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A Lot or a Little?
What you will—and won't—find in this TV show.
Family dynamics, friendship, and social pressure to conform are explored, resulting in positive messages about individuality and self-esteem. While mean-girl attitudes and bullying are common among teens -- and most of the supporting characters (especially the women) are stereotyped as divas, mom types, and geeks -- the cast's lack of diversity is intentional, meant to take a jab at the "white-washed" nature of suburban life.
Positive Role Models
Tessa tries to be open-minded about her new surroundings while holding tight to her values and self-image. George puts his daughter's needs first. Stereotypes among the supporting cast are extensive but, in some cases, draw attention to the show's positive social messages.
Sex, Romance & Nudity
Mostly inferences and innuendo, including mention of teens' sexual activity, adult infidelity, "screwing," homosexuality, "vagitarian," "nympho," and paraphernalia like "rubbers" or condoms. Teen girls dress provocatively in revealing tops and short skirts, and in some cases, their moms encourage them to sex up their outfits to appeal to guys. Heavy flirting is common by both adults and teens, and some couples do engage in make-out sessions.
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Occasional use of words like "damn," "bitch," and "hell."
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Products & Purchases
Red Bull is the drink of choice for many of the characters, and the dialogue often draws attention to its prevalence in a way that pokes fun at their "addiction."
Drinking, Drugs & Smoking
Some exchanges include references to smoking pot. Drinking in all forms (mixed concoctions, champagne, beer, wine) is common among adults.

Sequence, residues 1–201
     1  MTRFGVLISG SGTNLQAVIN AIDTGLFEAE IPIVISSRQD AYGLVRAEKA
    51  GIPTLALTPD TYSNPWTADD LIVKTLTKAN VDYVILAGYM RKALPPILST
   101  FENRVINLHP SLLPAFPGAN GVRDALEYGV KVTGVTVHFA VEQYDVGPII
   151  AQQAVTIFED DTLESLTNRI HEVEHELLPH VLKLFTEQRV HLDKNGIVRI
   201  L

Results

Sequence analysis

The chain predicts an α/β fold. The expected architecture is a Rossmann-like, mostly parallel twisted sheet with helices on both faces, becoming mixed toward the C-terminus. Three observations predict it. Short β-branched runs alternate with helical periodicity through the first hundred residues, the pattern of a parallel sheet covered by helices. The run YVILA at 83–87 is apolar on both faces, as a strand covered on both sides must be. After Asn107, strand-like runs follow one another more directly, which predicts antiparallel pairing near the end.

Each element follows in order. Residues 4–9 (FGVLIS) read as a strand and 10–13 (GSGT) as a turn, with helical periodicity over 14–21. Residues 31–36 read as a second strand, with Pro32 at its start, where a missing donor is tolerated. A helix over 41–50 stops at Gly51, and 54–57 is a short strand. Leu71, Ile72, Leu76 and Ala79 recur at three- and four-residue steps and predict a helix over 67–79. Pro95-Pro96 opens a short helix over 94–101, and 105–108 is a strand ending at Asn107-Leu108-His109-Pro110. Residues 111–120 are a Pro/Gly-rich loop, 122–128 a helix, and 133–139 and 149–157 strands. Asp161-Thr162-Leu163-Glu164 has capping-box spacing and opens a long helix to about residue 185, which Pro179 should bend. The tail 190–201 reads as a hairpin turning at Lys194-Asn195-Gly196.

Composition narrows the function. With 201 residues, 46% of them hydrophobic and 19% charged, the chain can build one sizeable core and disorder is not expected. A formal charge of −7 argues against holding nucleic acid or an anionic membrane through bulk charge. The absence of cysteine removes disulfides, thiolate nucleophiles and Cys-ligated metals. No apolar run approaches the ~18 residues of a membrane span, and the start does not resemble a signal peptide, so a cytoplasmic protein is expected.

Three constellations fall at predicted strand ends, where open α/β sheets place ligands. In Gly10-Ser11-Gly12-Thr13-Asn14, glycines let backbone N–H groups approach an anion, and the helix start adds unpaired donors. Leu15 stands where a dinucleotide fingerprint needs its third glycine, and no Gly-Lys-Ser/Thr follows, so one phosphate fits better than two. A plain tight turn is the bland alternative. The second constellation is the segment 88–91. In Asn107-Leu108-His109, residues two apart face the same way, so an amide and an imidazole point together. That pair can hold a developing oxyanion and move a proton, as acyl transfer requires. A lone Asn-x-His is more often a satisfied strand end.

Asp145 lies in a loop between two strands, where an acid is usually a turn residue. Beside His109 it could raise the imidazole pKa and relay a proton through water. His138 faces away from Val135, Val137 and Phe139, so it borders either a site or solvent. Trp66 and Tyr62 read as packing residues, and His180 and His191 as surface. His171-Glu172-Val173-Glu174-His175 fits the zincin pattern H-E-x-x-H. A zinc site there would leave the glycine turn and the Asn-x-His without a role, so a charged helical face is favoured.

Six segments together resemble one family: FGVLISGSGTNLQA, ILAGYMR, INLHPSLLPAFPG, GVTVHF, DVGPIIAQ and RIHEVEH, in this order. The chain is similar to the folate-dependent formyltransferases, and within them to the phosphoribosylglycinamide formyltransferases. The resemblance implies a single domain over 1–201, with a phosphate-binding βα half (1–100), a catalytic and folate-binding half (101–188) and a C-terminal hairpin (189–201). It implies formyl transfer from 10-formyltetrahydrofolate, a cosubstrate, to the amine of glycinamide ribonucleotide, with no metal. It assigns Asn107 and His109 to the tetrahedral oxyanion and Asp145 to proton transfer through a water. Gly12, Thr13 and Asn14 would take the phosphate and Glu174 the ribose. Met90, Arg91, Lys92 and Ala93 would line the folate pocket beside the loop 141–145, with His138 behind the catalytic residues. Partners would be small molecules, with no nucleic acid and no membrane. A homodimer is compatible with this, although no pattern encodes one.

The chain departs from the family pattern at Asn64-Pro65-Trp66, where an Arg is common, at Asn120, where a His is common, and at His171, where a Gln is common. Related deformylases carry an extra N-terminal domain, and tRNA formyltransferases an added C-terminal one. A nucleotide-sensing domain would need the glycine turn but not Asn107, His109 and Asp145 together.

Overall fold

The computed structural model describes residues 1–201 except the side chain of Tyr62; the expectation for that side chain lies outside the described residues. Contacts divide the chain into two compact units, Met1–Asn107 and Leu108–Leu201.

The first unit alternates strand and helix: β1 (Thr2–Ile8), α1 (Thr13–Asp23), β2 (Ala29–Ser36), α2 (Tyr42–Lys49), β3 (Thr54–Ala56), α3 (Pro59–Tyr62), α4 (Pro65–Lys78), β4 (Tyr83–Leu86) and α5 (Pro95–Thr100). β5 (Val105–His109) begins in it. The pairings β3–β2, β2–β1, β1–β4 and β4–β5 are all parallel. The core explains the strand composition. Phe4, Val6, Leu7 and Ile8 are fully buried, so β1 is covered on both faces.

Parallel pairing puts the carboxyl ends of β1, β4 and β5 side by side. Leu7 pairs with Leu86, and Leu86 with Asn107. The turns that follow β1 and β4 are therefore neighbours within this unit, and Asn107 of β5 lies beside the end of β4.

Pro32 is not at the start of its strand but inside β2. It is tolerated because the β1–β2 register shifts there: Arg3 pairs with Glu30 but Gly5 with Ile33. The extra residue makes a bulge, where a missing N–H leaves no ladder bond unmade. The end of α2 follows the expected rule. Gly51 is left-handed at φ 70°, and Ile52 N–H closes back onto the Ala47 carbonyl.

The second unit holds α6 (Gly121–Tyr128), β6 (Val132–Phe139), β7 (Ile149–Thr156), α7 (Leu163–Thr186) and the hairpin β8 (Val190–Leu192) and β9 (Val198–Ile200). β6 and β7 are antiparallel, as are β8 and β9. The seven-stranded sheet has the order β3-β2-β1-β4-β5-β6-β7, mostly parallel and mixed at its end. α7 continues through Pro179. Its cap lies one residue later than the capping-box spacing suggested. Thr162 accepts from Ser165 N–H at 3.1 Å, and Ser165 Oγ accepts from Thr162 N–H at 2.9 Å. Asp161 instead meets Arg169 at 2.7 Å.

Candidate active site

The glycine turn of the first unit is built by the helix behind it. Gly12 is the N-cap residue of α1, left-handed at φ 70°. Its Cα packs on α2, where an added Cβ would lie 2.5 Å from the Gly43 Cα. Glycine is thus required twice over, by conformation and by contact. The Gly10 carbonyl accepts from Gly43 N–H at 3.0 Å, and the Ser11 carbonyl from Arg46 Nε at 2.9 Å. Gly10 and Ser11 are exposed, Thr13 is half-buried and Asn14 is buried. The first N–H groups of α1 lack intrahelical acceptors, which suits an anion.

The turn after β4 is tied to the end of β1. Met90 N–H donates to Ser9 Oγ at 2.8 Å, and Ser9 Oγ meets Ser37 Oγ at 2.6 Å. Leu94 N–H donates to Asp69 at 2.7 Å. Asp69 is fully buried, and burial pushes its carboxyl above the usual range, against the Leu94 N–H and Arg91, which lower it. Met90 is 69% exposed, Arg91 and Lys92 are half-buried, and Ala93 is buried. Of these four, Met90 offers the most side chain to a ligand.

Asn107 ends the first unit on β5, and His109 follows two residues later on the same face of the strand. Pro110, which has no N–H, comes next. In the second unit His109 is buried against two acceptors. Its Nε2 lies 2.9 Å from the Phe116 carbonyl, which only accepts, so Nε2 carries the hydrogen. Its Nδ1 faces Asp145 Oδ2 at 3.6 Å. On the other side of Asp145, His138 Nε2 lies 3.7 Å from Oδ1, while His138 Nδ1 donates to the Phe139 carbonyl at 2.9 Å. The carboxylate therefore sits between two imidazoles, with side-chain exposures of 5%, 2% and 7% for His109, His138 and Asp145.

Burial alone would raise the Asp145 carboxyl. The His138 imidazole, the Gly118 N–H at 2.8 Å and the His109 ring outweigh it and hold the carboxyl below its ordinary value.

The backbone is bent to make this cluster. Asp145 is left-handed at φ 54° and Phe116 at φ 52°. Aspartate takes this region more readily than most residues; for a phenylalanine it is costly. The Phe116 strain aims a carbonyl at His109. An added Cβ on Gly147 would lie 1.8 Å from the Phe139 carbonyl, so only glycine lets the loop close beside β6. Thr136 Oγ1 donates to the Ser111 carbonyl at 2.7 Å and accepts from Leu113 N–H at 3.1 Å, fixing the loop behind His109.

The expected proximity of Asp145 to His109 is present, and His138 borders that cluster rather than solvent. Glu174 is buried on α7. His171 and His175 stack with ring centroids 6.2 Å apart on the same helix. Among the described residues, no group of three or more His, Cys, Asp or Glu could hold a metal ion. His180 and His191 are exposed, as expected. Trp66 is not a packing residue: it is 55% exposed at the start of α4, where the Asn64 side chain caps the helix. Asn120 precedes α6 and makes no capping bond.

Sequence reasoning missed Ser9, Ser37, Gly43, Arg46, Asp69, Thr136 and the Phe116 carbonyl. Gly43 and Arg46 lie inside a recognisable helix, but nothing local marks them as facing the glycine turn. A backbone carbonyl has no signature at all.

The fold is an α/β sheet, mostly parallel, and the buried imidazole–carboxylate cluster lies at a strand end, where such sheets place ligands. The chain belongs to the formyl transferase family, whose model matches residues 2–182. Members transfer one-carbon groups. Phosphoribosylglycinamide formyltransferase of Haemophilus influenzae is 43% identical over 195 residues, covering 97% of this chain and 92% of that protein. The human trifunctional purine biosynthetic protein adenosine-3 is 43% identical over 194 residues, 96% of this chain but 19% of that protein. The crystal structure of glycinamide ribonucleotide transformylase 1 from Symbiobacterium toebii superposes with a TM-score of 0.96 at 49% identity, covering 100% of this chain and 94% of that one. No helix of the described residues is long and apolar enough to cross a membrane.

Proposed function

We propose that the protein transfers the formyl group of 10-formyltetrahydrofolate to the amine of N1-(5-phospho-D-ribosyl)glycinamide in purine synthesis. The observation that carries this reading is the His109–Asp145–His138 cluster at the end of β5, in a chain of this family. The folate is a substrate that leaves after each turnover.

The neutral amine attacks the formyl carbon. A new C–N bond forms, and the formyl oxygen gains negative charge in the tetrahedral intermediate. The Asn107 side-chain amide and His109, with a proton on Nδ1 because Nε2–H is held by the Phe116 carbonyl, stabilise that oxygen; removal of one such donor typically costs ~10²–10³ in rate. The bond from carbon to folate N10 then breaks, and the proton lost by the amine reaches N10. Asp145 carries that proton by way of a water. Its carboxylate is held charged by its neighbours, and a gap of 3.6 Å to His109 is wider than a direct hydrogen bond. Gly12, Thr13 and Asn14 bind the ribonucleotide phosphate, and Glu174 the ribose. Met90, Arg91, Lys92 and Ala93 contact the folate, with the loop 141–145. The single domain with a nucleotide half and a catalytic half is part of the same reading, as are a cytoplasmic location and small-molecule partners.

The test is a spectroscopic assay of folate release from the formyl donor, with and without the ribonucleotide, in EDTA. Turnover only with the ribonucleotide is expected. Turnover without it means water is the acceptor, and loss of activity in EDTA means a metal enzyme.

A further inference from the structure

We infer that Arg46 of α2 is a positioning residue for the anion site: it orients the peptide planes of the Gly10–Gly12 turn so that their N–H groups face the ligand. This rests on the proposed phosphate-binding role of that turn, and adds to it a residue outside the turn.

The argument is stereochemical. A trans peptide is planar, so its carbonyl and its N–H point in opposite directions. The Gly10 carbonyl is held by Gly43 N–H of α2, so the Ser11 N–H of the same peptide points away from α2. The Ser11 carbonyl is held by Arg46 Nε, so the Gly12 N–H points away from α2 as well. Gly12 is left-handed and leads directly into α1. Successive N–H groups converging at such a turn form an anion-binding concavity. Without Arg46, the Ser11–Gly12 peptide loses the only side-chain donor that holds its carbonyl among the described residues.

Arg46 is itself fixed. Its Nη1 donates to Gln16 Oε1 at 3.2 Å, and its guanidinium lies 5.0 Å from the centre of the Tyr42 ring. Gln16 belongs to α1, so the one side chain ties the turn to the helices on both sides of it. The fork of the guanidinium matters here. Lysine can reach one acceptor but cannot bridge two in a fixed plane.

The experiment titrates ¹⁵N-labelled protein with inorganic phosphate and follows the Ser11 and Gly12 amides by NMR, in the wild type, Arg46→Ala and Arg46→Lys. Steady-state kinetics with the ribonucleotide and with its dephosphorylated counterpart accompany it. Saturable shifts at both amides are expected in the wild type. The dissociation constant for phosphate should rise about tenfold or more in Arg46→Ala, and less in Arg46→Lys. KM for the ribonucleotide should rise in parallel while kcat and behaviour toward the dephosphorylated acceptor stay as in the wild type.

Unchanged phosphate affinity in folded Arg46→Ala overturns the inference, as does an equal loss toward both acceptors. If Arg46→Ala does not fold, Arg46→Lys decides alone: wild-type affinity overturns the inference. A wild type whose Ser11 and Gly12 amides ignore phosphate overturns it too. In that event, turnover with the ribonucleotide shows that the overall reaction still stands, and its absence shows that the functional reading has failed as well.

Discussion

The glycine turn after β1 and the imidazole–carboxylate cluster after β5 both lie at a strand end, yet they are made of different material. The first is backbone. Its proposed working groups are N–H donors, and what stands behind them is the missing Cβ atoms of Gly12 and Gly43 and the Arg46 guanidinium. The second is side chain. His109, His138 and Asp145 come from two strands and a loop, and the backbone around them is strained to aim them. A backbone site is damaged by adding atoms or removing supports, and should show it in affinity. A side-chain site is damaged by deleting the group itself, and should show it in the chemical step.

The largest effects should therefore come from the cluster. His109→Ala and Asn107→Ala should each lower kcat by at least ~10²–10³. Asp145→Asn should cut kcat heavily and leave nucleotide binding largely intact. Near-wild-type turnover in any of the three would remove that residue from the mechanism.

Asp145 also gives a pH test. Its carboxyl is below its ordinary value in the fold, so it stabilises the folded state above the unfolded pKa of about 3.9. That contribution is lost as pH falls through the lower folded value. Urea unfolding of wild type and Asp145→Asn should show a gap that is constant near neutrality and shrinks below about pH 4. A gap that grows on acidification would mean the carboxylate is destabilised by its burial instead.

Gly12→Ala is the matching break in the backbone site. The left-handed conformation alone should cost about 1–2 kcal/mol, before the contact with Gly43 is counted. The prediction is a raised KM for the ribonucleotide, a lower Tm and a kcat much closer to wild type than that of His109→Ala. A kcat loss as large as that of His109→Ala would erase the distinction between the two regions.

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Parents Need to Know
Parents need to know that this fish-out-of-water comedy centers on a self-assured teen who's insightful, outspoken, and willing to stand up to peer pressure for her personal beliefs. Even better, these positive qualities are a direct result of the values instilled in her by her dad, whose devotion to his daughter makes him a model (but certainly not perfect) single parent. That said, the show falls back on stereotypes of suburbanites, socialites, and homosexuals for plenty of laughs, and there's a lot of sexual content that's definitely not appropriate for tweens (marital infidelity, teens talking about having sex, condoms). Language is also a concern ("bitch," "damn," "hell," and the like), as are exchanges between teens that make light of peer pressure and social bullying. If your teen is ready for this kind of content, though, this very funny series raises some discussion points for families and offers sweet moments that underscore themes like tolerance and respect for diversity.
Is It Any Good?
SUBURGATORY has lots of fun parodying wealthy suburban life as seen through the critical eyes of a couple of level-headed newcomers, and Tessa and George's attempts to find a place in such foreign surroundings are both entertaining and relatable to anyone who's ever felt like a social outsider. Kudos to the show's brain trust for going the extra mile, though, and giving some real depth to the characters, reflecting the changing face of the American family without sacrificing positive messages. George's relationship with his teenage daughter toes the line between authority and camaraderie, offering some heartwarming moments offset by enough snarky banter over things like curfew, driving privileges, and dating rules to keep it realistic.
This sitcom's focus on life through the eyes of a teen and her father beckons to viewers who can relate to one or both of the main characters, but the content does have some trouble spots for young teens. Sex (including homosexuality) is a common topic among adults and teens, language is an issue, and stereotypes are fairly harsh. Some teens are catty and manipulative, using other people to get what they want with little regard for their feelings. Predictably all of this content (and then some) is spun for humor, so it's important that viewers don't misinterpret it as a reflection of real life. However, it does raise some issues that will hit home with parents and teens, all while entertaining viewers with razor-sharp writing delivered by a fantastic cast.
Did we miss something on diversity?
Research shows a connection between kids' healthy self-esteem and positive portrayals in media. That's why we've added a new "Diverse Representations" section to our reviews that will be rolling out on an ongoing basis. You can help us help kids by suggesting a diversity update.
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Common Sense Media's unbiased ratings are created by expert reviewers and aren't influenced by the product's creators or by any of our funders, affiliates, or partners.See how we rate